I was deeply honored earlier this month to be awarded the Distinguished Service and Leadership Award from the National Association for the Education of Homeless Children and Youth.
Unfortunately, I could not attend the conference in person but I sent the following message to the 800 delegates attending their annual convention:
Please accept my thanks for this wonderful award. As President Obama has rightly noted, the best anti-poverty strategy is a good education. Like you, I see the growing number of homeless children in our nation as a moral crisis. This crisis has economic, political and even spiritual implications. I believe, like Dr. King, that we are called to create the Beloved Community and to do so we must end homelessness - not just manage it. The National Association for the Education of Homeless Children and Youth is one of the great civil rights organizations of our time. Without your advocacy and leadership children across our country who are living in homelessness would have no hope. So for me it is a tremendous honor to receive an award from this organization. It's like winning the Nobel Peace Prize. And if I could, I would present each one of you an award in return for the work you do each day to promote to common good of our nation.
So what does this organization do?
NAEHCY, a national grassroots membership association, connects educators, parents, advocates, researchers, and service providers to ensure school enrollment and attendance and overall success for children and youth whose lives have been disrupted by the lack of safe, permanent, and adequate housing. NAEHCY achieves these goals through advocacy, partnerships, and education.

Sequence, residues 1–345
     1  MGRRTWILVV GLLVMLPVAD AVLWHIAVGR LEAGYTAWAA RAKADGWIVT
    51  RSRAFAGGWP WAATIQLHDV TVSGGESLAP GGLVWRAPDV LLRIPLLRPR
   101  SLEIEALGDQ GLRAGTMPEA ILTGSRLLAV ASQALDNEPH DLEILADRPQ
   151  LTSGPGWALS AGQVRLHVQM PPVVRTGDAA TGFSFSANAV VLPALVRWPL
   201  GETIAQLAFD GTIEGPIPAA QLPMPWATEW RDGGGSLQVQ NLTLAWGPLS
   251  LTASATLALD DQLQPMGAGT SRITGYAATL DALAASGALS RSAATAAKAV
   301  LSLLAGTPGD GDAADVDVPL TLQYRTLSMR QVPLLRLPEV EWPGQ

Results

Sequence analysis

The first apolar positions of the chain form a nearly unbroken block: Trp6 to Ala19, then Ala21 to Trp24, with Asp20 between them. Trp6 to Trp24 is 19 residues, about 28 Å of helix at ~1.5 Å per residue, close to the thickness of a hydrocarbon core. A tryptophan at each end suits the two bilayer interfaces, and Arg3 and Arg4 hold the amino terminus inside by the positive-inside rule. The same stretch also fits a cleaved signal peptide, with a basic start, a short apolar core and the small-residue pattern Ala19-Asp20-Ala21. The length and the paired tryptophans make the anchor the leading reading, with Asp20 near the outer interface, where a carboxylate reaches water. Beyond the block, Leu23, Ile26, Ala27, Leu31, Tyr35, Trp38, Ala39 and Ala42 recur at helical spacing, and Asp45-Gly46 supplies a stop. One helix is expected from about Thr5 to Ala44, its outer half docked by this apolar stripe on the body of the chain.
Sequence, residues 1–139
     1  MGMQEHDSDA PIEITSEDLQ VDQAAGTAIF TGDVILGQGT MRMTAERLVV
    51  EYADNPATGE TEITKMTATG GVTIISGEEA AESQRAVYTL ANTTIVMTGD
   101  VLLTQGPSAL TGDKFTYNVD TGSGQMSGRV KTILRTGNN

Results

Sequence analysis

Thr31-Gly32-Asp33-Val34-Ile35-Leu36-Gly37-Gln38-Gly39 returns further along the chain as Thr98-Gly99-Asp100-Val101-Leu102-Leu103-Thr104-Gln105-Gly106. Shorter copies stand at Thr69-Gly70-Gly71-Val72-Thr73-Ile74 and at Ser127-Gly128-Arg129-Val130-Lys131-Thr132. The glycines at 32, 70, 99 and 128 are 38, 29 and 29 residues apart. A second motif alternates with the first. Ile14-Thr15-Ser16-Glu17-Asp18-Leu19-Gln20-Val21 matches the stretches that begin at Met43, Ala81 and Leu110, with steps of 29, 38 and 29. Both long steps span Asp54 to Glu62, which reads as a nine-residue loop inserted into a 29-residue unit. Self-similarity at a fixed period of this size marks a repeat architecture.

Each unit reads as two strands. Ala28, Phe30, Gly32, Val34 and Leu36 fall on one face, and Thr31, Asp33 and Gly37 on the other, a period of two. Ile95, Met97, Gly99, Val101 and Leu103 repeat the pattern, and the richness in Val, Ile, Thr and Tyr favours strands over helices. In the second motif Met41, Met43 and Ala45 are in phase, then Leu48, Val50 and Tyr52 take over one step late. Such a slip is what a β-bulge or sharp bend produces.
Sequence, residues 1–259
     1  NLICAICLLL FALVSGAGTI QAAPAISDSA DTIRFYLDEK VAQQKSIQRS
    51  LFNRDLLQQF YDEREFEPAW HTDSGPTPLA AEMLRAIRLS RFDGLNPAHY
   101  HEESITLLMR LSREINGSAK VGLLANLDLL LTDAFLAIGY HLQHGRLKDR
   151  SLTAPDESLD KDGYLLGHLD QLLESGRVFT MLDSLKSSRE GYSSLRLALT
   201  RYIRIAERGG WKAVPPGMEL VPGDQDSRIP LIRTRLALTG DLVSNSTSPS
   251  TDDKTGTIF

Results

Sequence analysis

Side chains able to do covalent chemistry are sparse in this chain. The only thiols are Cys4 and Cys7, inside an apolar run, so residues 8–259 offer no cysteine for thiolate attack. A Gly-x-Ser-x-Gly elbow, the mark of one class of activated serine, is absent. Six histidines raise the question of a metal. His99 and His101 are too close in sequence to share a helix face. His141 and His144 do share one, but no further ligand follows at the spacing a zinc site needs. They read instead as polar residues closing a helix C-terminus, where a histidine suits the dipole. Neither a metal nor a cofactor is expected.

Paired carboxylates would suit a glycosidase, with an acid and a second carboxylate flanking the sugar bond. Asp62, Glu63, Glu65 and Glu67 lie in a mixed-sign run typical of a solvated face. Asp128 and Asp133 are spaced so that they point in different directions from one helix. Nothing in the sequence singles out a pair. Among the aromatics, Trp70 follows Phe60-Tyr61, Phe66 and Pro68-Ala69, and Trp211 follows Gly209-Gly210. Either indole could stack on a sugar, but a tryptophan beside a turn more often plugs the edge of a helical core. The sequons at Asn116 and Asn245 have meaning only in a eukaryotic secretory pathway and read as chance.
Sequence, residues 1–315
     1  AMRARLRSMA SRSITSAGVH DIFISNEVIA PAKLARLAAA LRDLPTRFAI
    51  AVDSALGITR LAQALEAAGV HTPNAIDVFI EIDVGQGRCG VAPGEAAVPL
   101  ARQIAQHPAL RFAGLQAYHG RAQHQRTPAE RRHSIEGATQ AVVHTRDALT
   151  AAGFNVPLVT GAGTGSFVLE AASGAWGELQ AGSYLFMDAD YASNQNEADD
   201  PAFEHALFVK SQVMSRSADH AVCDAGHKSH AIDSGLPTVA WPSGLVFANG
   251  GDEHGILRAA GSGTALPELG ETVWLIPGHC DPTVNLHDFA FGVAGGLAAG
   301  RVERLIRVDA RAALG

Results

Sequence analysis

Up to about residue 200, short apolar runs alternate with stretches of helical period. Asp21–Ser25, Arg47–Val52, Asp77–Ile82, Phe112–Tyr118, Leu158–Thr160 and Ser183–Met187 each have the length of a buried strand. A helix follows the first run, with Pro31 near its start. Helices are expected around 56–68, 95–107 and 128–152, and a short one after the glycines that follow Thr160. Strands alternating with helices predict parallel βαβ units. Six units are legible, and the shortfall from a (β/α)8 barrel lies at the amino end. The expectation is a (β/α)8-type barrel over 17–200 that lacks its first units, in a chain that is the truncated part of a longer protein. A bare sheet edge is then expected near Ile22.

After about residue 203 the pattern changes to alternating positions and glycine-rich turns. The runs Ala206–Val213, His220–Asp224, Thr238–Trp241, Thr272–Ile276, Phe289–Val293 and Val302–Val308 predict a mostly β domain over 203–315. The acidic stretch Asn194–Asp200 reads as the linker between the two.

Each year, approximately 1.5 million children and youth experience homelessness in our nation's towns, cities and counties. These students lack the stability and peace of mind we all hope to be able to give our children. On a regular basis, children and youth report that school is a home to them – a place where they see the same faces, sit in the same seat, and can put their hearts and minds into pursuits that ease their daily troubles. In academic settings, students gain the skills and support needed to avoid poverty and homelessness as adults. Our members work in schools, education, and advocacy agencies across the country, as well as in shelters and community organizations. We are on the front lines identifying, enrolling, and coordinating services for homeless children and youth.
It has been my deep honor to work with the staff and board of NAEHCY over many years to help lift up the needs of students experiencing homelessness in our nation. There might be no more important work as we try and save a generation of Americans who are seeking with their families to escape the cycle of poverty and homelessness that so many are trapped in.
Right now as Congress debates funding for programs that help lift people out of poverty it is critical that all Americans demand that educational opportunities not be denied. Public education is one of America's greatest achievements and students who are homeless need schools and the hope they provide more than most.
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